Reading The Pictures: <em>Qana Was Not Staged</em>

Much is culturally lost -- not to mention, politically filtered -- in transit from East to West.
This post was published on the now-closed HuffPost Contributor platform. Contributors control their own work and posted freely to our site. If you need to flag this entry as abusive, send us an email.


Yesterday, Tim Fadek -- a long time freelance photographer, and a contributer to my regular blog, BAGnewsNotes -- forwarded me this photo he took in Qana following the now infamous and deadly air strike, the documentation of which has been the source of so much skepticism. Having received the NPPA award for Best Still Photography in International News in 2005 for his coverage of the uprising in Haiti, Tim is recognized as one of the most respected photojournalists in his field.

Fadek, along with many of his colleagues covering the war in Lebanon, have become increasingly concerned over allegations fomenting in the States (particularly in the right wing 'sphere) about war photos being staged or "stage managed." He has emphasized to me (as you can see in my post detailing Tim's eye witness description of the scene in Qana) that much is culturally lost -- not to mention, politically filtered -- in transit from East to West.

Overall, Tim was interested in communicating this statement written by fellow photojournalist, Thorne Anderson (appearing in a discussion thread on Lightstalkers, a site largely dedicated to professional photographers) about the recent barrage of charges and assertions (some acknowledged, others explained, many others simply alleged) about "visual integrity," and how to understand the Qana photos. Anderson writes:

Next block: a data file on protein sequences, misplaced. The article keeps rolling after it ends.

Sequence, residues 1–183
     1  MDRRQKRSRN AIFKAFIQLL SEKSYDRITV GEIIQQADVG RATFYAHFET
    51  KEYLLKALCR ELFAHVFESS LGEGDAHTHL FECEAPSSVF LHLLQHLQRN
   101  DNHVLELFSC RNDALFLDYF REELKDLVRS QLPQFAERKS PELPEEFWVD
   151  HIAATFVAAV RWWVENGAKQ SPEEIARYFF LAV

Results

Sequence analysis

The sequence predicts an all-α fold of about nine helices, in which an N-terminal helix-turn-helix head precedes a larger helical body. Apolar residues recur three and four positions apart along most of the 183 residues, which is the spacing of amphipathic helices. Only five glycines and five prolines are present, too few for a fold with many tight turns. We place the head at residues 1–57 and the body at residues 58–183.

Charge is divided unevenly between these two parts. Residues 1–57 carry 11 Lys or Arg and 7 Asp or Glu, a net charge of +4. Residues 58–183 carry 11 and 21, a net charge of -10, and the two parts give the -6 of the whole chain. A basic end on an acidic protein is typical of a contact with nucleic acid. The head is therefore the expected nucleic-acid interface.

Much of the debate about "staging" in Qana can be deflated a good deal by an appreciation of cultural differences. Among many Middle Eastern Muslims the display of the dead is very much a ritual part of dealing with death. Palestinian funeral parades, with or without media present, are a demonstration of this. While the display of the dead may appear callous and disrespectful to many western eyes, it is likely interpreted as a form of honor among those who actually display the dead - an attempt to give meaning to something senseless.

Photographing the display is not necessarily deceiptful, but rather an honest record of the extraordinary ways people react in these terrible circumstances. And a rescueworker displaying a body does not a Media Mogul the rescue worker make. He/She is still a rescue worker. Though the caption for pictures from that portion of the event should read "Rescue workers display the body of..." rather than "Rescue workers remove the body of..."

Furthermore, the sporadic display of bodies at a scene like that shouldn't allow us to dismiss the event as merely a salvo in the "media war" being waged by "Hizbollah and their jihadi friends" in the "mainstream apologist media." And none of this changes the essential, and most important fact that a group of photographers put themselves at great risk to show the result of an Israeli air strike on an apartment building that left 28 people - among them 16 children - dead.

I took a gut wrenching tour of LGF [Little Green Footballs] and a couple of other blogs that are super-hyping the "staging" issue to an audience of hundreds of thousands in what is a transparent and in some cases explicit attempt to deny the simple fact that an Israeli airstrike killed 16 children in Qana. That assault on the essential truth is a far more reprehensible act of overt media warfare (if there is such a thing) than any angry display of a dead body in the immediate aftermath of an airstrike. Reminds me of those who deny the Holocaust for political purposes.

-- Thorne Anderson August 11, 2006.

For more of the visual (including Tim Fadek's account of the aftermath of the Qana airstrike), visit

(image: Tim Fadek/Polaris. July 30, 2006. Qana, Lebanon. Used by permission. Please seek permission before republication.)

Go To Homepage

Before You Go

Popular in the Community